Data-Driven Bi-Objective Genetic Algorithms EvoNN and BioGP and Their Applications in Metallurgical and Materials Domain

Data-Driven Bi-Objective Genetic Algorithms EvoNN and BioGP and Their Applications in Metallurgical and Materials Domain

Nirupam Chakraborti (Indian Institute of Technology Kharagpur, India)
DOI: 10.4018/978-1-5225-0290-6.ch012
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Data-driven modeling and optimization are now of utmost importance in computational materials research. This chapter presents the operational details of two recent algorithms EvoNN (Evolutionary Neural net) and BioGP (Bi-objective Genetic Programming) which are particularly suitable for modeling and optimization tasks pertinent to noisy data. In both the approaches a tradeoff between the accuracy and complexity of the candidate models are sought, ultimately leading to some optimum tradeoffs. These novel strategies are tailor-made for constructing models of right complexity, excluding the non-essential inputs. They are constructed to implement the notion of Pareto-optimality using a predator-prey type genetic algorithm, providing the user with a set of optimum models, out of which an appropriate one can be easily picked up by applying some external criteria, if necessary. Several materials related problems have been solved using these algorithms in recent times and a couple of typical examples are briefly presented in this chapter.
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This chapter deals with two recent algorithms Evolutionary Neural Net (EvoNN) and Bi-objective Genetic Programming (BioGP) and their applications in metallurgical and materials problems. The EvoNN and BioGP algorithms were developed and proposed by the present author and his collaborators a few years ago (Pettersson et al. 2007; Mondal et al. 2011; Giri et al. 2013a, 2013b). Since then, these algorithms have been applied successfully to numerous materials related problems (Bhattacharya et al. 2009; Rajak et al. 2009, 2011; Bansal et al. 2013, Jha et al. 2014). Both the algorithms share certain common features, which in general terms, could be listed as:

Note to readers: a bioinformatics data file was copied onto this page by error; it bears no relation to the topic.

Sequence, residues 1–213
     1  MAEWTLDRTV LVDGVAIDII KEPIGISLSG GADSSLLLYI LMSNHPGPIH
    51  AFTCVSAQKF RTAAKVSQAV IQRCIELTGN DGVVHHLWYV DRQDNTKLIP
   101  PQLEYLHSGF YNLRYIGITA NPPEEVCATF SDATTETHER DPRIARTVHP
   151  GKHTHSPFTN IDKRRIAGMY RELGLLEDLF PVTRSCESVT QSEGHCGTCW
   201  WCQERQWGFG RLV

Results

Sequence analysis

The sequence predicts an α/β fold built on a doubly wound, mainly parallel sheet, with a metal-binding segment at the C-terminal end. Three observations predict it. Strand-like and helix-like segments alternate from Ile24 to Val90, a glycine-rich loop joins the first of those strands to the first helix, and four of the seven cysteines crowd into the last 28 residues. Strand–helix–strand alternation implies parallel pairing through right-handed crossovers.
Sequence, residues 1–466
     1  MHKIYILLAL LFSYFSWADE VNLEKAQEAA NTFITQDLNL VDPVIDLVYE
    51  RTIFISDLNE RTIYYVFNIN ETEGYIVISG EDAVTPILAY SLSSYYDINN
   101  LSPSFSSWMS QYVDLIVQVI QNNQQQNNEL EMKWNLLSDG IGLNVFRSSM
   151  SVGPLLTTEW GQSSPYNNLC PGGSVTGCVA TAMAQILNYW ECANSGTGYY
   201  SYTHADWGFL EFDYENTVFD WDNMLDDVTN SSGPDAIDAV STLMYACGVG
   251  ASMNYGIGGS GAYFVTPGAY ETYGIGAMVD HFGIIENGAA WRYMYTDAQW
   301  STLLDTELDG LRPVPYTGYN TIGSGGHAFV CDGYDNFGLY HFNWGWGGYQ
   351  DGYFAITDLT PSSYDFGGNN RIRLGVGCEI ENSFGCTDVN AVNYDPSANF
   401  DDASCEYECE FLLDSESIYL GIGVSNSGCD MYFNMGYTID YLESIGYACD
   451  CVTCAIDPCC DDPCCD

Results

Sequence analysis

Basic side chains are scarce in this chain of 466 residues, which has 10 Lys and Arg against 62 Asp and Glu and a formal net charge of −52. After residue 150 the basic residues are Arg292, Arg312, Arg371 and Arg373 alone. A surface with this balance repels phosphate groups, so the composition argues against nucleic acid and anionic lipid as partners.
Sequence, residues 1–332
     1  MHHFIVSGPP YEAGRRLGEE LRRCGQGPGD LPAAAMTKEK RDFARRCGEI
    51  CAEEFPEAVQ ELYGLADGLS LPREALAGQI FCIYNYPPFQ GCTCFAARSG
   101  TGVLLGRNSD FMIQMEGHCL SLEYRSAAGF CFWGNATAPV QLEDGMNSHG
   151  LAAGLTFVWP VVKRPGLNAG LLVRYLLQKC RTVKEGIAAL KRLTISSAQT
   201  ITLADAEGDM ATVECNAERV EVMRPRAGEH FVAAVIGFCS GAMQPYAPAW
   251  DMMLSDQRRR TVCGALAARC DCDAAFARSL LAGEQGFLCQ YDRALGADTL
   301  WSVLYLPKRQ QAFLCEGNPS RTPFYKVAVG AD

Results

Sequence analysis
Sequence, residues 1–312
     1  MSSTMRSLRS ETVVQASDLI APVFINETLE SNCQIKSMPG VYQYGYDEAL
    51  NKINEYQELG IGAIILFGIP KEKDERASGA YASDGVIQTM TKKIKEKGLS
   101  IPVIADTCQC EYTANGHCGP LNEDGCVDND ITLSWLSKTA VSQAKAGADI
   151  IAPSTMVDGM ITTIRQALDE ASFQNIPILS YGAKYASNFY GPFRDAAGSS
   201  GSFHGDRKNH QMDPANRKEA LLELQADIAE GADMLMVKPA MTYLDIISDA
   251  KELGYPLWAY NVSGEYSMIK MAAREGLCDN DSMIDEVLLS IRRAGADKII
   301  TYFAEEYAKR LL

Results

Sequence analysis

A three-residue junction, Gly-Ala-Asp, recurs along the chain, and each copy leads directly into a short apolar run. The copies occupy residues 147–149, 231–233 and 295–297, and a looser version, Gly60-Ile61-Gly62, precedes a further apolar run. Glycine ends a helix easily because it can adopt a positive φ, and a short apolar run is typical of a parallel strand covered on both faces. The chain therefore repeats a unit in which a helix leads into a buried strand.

• They are suitable for creating data-driven meta-models out of highly non-linear and/or noisy data.

  • They use multi-objective genetic algorithm over other paradigms, namely neural network and genetic programming, to generate a set of optimum models; while using a particular model remains the Decision Maker’s (DM) prerogative.

  • They are geared to work out an optimum tradeoff between the accuracy and complexity of the model and tend to eliminate incorporation of any superfluous noise in the process.

In recent times the present author has written two other book chapters (Chakraborti 2013, Chakraborti 2014) detailing these algorithms beside a number of journal articles involving their applications. Therefore only the basic features of these algorithms will be presented here and the emphasis will be more on their mode of usage. The source codes of both the algorithms are open and coded in MatlabTM and are available free of cost from the author of this chapter for any non-commercial academic usage. The details of their various features from a user’s point of view will be presented in this chapter, along with some pertinent applications.


Evonn And Biogp In A Nutshell

The essential features of both the algorithms are presented below:

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